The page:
NBA players more likely to force lockout than accept hard salary cap, report says

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The NBA made waves last week when ESPN’s Adrian Wojnarowski announced that the league wanted to create an upper spending limit on team salaries to limit the payroll of some of its biggest competitors in the market. The Golden State Warriors set the NBA record for the highest payroll last season, and the Los Angeles Clippers and Brooklyn Nets have a shot at doing it this season, and many league owners view those expenses as untenable from the point of view of financial and competitive balance.

Of course, the league can’t do anything about it without the consent of its players, who would surely push back against such a decision. “There will be a lockout,” a player side source told Marc Stein, “before there is a cap.”

The NBA’s current salary structure is built around a soft salary cap. Teams must stay below the cap if they plan to sign outside free agents without using exceptions or making grossly lopsided trades from a salary perspective. However, the cap is considered “soft” because there are a number of mechanisms a team can use to exceed it, including cap exceptions, bird rights to a team’s own free agents, and trades that fall within the allowed parameters of 125% of the league. The league has a strict cap mechanism in place, but it can only trigger in three very specific circumstances: when a team uses the mid-tier exception for non-taxpayers, the semi-annual exception, or acquires a player by signature and exchange. . This hard ceiling lasts for one season.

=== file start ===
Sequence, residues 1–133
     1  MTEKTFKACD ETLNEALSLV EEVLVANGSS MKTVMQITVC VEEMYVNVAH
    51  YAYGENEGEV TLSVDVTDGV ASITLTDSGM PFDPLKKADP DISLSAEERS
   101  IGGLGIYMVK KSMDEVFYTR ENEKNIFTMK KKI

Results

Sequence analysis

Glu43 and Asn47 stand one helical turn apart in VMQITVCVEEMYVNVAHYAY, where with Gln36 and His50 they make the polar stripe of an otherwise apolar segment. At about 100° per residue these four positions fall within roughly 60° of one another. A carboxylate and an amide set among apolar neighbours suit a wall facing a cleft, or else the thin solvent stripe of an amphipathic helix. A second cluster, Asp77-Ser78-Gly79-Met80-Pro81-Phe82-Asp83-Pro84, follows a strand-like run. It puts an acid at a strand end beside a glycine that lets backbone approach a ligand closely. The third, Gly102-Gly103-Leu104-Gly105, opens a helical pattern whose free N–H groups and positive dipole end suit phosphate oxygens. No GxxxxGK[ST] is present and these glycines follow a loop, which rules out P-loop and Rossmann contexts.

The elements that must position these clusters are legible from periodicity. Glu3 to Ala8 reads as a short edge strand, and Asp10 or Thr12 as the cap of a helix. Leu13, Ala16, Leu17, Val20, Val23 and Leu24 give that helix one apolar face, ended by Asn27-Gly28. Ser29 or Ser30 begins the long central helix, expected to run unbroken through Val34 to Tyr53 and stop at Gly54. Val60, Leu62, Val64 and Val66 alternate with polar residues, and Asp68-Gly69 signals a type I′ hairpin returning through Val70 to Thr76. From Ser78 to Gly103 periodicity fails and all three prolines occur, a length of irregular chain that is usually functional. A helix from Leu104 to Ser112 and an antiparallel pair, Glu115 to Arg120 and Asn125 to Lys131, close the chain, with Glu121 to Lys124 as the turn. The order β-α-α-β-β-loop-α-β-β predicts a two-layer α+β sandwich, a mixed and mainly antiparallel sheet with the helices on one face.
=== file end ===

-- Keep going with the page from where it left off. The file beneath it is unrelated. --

The type of hard cap the league is proposing would be much stricter, essentially creating a single limit for team spending that the entire league would have to follow each year. This is a third rail problem for gamblers as it would limit their earning potential. Take Golden State, for example. If Draymond Green opts for the final year of his contract or re-signs, the Warriors will have five players earning more than $24 million next season. According to this proposal, they should probably move at least one of them. Additionally, teams like the Warriors, Clippers, and Nets pressure other teams to spend more in order to compete.

Creating a real hard cap would cost players money, plain and simple. They will not accept a revised system that would take money out of their wallets. If the owners insist on this kind of structural change, they will either have to offer the players something extremely valuable in exchange or accept the possibility that it will lead to a lockout.

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